Release Date: August 3rd, 2021
Publisher: Shadow Mountain Publishing
NOTE: I received an Advanced Readers Copy from the publisher (Shadow Mountain Publishing) in exchange for an honest review. This in no way influences my reactions/rating. This also means that all quotes and plot points are based on the ARC copy and should not fully reflect the final work.
“WARNING – Gameplay in Champion’s Quest only ends upon successful Quest completion.”
World-building: Realistically, there isn’t a ton I can put here. Of course, there is the whole aspect of building the game, making the rules, learning about the creatures, and mentions of map pathways, but as far as actual description goes, this story could benefit from having more. There was a lot of telling and not showing, so for most of the book I was picturing the characters in a generic forest or town, but in some cases, I couldn’t picture anything and, in my mind, the characters were emoting against a white background.
Plot: Right away, this plot sweeps you off your feet. By quickly introducing a whole slew of characters, there’s no disconnect between learning the backstory of main character Lucas and launching into a world of magic and mysticism. The plot runs as any other adventure might, but there are definitely aspects that add flair. Specifically, I found it rather interesting that, in this game world, players can get injured, but they don’t bleed. This might be a way to make the style a little more PG and less life-or-death, but it is also something that isn’t normally in adventures like this. Otherwise, the “game mechanics” are similar to what most games have, including enemies, a health bar, a storage system (with limited space), a currency, and healing.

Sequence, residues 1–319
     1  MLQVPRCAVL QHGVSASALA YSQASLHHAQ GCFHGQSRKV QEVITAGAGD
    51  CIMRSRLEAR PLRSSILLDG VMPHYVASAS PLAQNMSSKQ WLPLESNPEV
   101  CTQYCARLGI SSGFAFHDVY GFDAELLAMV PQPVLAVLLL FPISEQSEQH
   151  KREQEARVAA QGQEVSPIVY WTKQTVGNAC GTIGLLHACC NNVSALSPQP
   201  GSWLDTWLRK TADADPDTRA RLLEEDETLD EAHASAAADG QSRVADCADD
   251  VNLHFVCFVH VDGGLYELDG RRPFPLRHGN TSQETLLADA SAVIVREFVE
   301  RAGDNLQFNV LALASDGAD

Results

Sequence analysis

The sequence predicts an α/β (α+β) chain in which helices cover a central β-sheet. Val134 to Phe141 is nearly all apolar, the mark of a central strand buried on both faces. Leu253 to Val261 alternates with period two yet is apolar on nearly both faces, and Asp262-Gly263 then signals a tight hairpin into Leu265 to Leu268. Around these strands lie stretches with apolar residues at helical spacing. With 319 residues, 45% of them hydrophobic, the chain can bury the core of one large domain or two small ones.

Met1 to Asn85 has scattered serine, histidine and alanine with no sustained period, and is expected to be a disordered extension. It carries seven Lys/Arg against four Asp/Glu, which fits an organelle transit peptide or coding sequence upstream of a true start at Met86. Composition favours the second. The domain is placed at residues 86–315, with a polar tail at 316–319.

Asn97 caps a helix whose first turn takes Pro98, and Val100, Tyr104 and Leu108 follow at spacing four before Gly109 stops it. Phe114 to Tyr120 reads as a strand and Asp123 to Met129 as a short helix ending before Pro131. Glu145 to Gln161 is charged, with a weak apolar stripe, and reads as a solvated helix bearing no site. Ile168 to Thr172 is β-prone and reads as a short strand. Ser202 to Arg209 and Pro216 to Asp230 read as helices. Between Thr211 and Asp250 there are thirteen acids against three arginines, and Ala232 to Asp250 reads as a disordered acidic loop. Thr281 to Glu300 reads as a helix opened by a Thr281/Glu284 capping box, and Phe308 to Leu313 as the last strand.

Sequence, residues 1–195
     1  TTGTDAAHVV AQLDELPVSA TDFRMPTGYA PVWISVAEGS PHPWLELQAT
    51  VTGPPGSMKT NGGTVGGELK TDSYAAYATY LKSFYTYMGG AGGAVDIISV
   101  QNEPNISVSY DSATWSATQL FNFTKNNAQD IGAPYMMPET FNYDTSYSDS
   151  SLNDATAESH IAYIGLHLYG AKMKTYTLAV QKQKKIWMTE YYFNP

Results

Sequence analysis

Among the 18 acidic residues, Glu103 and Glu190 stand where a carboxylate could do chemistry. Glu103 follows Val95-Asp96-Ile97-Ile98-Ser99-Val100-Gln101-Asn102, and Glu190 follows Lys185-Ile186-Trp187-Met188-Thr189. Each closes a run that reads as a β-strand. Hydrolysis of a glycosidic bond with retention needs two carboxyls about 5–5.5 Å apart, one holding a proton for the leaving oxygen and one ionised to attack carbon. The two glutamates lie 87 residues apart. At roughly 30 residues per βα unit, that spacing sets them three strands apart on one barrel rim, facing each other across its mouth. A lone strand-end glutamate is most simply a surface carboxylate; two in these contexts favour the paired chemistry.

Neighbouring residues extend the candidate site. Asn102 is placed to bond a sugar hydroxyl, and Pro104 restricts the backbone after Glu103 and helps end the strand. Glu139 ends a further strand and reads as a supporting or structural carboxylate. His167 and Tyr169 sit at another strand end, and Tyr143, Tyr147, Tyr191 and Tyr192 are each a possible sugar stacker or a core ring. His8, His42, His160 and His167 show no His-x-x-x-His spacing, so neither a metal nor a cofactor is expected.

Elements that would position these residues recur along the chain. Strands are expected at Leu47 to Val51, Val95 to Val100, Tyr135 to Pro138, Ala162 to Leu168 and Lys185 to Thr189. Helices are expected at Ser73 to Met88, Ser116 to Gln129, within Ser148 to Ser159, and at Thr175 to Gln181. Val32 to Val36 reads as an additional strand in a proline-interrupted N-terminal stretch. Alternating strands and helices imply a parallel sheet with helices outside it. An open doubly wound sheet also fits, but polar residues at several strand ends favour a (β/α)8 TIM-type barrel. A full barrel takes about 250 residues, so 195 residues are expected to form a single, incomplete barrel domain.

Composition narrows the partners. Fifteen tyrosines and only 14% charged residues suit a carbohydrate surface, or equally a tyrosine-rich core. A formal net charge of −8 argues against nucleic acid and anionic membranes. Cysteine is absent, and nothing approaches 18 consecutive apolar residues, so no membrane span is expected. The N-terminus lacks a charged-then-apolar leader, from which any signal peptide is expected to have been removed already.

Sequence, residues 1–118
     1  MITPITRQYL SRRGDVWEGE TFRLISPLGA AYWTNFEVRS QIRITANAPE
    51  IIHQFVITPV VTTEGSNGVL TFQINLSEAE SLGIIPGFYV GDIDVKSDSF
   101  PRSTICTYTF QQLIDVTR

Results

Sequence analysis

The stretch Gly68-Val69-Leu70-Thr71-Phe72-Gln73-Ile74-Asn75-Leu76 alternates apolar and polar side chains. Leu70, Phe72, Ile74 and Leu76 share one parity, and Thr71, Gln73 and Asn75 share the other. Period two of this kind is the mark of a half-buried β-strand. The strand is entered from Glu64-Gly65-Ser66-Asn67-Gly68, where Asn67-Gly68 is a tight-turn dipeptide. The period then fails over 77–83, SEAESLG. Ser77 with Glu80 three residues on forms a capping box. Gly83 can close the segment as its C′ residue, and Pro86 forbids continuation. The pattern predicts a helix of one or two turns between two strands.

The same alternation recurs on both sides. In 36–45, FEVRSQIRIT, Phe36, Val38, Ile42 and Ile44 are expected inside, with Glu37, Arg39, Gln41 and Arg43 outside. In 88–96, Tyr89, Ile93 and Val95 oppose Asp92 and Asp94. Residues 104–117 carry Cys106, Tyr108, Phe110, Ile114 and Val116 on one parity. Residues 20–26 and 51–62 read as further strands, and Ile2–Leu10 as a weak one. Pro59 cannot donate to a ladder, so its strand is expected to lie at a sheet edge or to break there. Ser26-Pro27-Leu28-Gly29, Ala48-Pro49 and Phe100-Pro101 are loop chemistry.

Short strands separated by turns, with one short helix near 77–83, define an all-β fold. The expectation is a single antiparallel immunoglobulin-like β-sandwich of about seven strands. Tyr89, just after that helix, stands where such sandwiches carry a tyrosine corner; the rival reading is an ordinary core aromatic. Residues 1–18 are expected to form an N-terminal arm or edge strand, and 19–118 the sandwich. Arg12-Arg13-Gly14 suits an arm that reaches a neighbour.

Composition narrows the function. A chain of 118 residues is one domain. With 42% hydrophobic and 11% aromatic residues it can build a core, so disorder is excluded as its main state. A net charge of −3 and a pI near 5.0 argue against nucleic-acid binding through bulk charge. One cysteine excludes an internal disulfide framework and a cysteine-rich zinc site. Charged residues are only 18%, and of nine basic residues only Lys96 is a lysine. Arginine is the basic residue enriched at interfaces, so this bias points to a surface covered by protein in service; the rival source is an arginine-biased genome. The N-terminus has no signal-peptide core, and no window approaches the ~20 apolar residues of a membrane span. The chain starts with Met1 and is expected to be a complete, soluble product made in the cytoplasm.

Characters: Of the characters, we hear the most about Lucas. Considering he is the one telling the story, this makes perfect sense. In the beginning, Lucas is a kid that just wants to get away from his foster home. Having lost his parents at a young age, he doesn’t feel at home anywhere he gets placed and decided to run away. Lucas is a relatable character, in some ways, because he suffers from the “Creepers” or what others might simply call anxiety. This is a great way to talk about mental health for this age level and even shows that Lucas himself doesn’t know what is happening to him.
While I think this is a great story, with an interesting premise, I think some of the characters are bland. We hear a lot about Lucas, the voice of the book, but the other characters lack a special something that would make me feel more drawn to them. In particular, Vanessa is a very dislikable, vain character. Not only does she come off as selfish from the start, she constantly asserts her age to inflict her superiority (which, to be fair, most teenagers probably would do). I found myself rolling my eyes at her character and generally felt like she didn’t contribute much to the plot.
Miles was a fun character that I would consider fun-loving and energetic, however, I think this was exploited and often made him come off as dumb or foolish, which I don’t think was the intention.
The character I wanted more from was actually Jasmine. I found her character the most interesting, especially since she is silent for a good portion of the novel. Game-wise, she is stealthy and quick to learn the rules; she even seems to be the best at fighting, a useful skill when it comes to RPGs. We learn a few things about her backstory and her family, but there is clearly more to her, leaving untapped potential.
Overall: Four normal kids are thrown into Champion’s Quest, a role-playing game unlike any other. Taking the real-life stakes of Jumanji with the creativity of Dungeons and Dragons and the gaming feeling of open-world RPGs, board game lovers finally have a book curated especially for them. In the end, they learned how to overcome their differences and came together as a team, which is very heartwarming and leaves room for a book two!
Warnings: Mentions of death, anxiety, mild violence